Right. That speaks to my next question, which is what is it about foods that contain gluten that slows recovery in athletes?
There are a couple of things you can point to. One of the biggest one is inflammation, and that was one of the big motivating factors behind the Garmin pro cycling team voluntarily adopting a gluten-free diet with the intent of reducing inflammation. And then that was helping promote faster recovery.
You also have problems with impaired digestion, and it can manifest in a variety of other ways. But inflammation, time of recovery, and digestion are some of the biggest issues that we find.
You note in the book that gluten–and, in fact, wheat itself–have changed over years of cultivation, and that that’s why gluten intolerance is so much more prevalent than in the past. Can you explain that a little?
Sure. The ancient varieties of wheat–einkorn and emmer–were a simpler variety of wheat. They had a reduced number of chromosomes; they weren’t as complicated as the wheat that we eat today. The wheat that we eat today, the modern bread wheat, has three genomes: The A, the B, and the D. Whereas the ancient varieties only had A or A plus B. And it turns out that the most toxic forms of gluten come from that D genome that we find in modern wheat.
Modern wheat has been cultivated for a variety of desirable characteristics, like increased crop yield, desirable baking characteristics, et cetera–but what has come along with that is a form of gluten that’s more prevalent and more toxic. That’s one suspected reason why we’re seeing increased rates of things like Celiac disease today, compared to 50 years ago.
I feel like that’s a question that gets asked a lot, “Why are Celiac and other forms of gluten intolerance blowing up right now?”, so I really appreciated that explanation in the book. So thanks!
There’s also an emphasis in the book on eating whole foods, which seems to be a consensus among just about every doctor and nutritionist, ever, whether they recommend gluten-free eating or not. What is it about processed foods that hinder athletic performance?
Well, it’s a little complicated because certain processed foods are used by athletes quite successfully. One really good example would be the energy gels. You can argue that’s a highly-processed food–but it works really well for gluten-free athletes.
But in general, when you think about the gluten-free landscape, what has happened in recent years is there’s been such an explosion of products. Once upon a time, if you wanted to eat gluten-free, you pretty much had to make everything yourself from scratch. But now, if you want to go to the super-market, and go to the speciality aisle and buy the gluten-free version of junk food, you can do that. So that’s where the slippery slope comes in for athletes.
You want to be putting high-octane fuel into your body to support your athletic performance. You don’t want a lot of empty calories, you don’t want excess sugars, you don’t want unhealthy fats–and those are some of the things that you’re going to start to find in the refined, processed foods.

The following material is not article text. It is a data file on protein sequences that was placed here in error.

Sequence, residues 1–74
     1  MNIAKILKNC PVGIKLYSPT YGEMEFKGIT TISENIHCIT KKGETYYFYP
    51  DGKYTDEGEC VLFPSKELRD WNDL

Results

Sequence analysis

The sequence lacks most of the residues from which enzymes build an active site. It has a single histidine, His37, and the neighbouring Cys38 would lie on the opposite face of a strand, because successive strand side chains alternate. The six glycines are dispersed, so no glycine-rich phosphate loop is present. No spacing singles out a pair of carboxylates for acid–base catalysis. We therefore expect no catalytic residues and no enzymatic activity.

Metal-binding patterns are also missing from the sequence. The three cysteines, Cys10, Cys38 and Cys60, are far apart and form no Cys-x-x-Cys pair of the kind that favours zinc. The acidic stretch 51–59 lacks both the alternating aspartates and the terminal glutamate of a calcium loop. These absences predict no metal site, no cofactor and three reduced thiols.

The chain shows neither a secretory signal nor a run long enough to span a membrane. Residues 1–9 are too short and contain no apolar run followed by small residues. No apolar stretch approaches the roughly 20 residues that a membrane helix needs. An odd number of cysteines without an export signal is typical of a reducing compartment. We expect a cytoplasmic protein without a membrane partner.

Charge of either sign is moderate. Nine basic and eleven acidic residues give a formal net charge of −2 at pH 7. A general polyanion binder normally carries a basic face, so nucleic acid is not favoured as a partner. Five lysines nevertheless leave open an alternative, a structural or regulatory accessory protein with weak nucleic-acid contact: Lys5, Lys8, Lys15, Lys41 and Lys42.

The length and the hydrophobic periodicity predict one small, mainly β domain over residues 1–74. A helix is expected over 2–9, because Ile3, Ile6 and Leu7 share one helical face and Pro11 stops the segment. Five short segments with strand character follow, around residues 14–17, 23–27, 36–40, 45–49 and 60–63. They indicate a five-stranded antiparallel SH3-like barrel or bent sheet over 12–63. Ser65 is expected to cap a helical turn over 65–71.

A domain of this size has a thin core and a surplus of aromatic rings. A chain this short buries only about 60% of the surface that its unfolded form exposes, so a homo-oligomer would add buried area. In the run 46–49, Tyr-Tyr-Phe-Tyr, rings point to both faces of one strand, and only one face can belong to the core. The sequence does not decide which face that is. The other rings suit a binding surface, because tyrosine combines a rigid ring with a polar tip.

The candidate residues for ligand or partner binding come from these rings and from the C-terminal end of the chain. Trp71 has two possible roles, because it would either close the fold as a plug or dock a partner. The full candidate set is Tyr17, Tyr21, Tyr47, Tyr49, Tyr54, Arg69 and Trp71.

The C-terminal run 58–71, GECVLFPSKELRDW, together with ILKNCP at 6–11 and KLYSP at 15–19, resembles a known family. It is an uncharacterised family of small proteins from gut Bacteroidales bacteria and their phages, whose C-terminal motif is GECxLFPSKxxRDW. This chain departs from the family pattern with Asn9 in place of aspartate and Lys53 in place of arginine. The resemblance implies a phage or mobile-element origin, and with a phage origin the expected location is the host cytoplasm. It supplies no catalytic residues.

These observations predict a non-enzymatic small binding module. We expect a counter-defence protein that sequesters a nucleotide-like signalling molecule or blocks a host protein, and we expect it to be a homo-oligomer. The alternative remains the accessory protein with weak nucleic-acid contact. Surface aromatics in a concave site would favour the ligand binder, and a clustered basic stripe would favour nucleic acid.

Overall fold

I would be remiss if I didn’t ask you about this. We had a sort of controversial piece on our site about Dr. William Davis, the author of Wheat Belly, who calls wheat a “poison.” Have you read any of his work, and what do you think about it?
I have read his work, and, in fact, I reviewed his book on my blog, No Gluten, No Problem. And I’m one of the few reviewers, from what I can tell, that has publicly voiced a negative opinion of the book.
From my perspective, he over-generalizes, proclaiming universal truths which are actually more individual and nuanced. And some of his claims are tenuous. For example, my review focuses on instances in which the claims he makes in the book and the scientific studies he cites to support those claims don’t agree. Overall, however, our respective books are targeted at very different populations. And while I don’t agree with everything in his book, we do come down on the same side of the aisle with some aspects, like emphasizing a nutrient-rich, whole-foods diet, and avoiding a lot of the overly-processed refined starches.
You have some recipes in the book, which is really helpful–can you give our readers a hint about what kinds of foods you recommend?
In general, every athlete has to make a decision for themselves about how they like to balance carbohydrates, protein, and fat, so we tried to give recipes that have a pretty good balance of that. You’ll find things that are good for travel, like a gluten-free version of GORP. You’ll find recipes like chicken tikka masala or Power Pizza, that are going to be good for before a big race or a big game. And then you’ll find other recipes that’ll give you a nice balance of proteins, fats, and carbohydrates.
Yeah, the quinoa, sweet potato veggie burger is the one that got me ready for my long run this weekend. Is there anything else our readers should know about this book or your research?
The thing I would emphasize is that the book is really based on two complimentary pieces of the puzzle. One is all the science. We write it in a very familiar voice, but you can turn to the back of the book and see all the peer-reviewed scientific studies that support everything we’re saying. But we also give a lot of personal faces to the science with the profiles of athletes. There are about four dozen athletes that we profiled in the book, and a lot of them are very high-level performers. They’re Olympians, there’s professionals in their sports, they’re world champions, they’re Ironman champions.
But then there are also some recreational athletes, like your day-to-day runner or cyclist. And they all have really compelling, empowering stories, and I think are really great examples for all of us.
Images: .shock via Shutterstock, and The Experiment.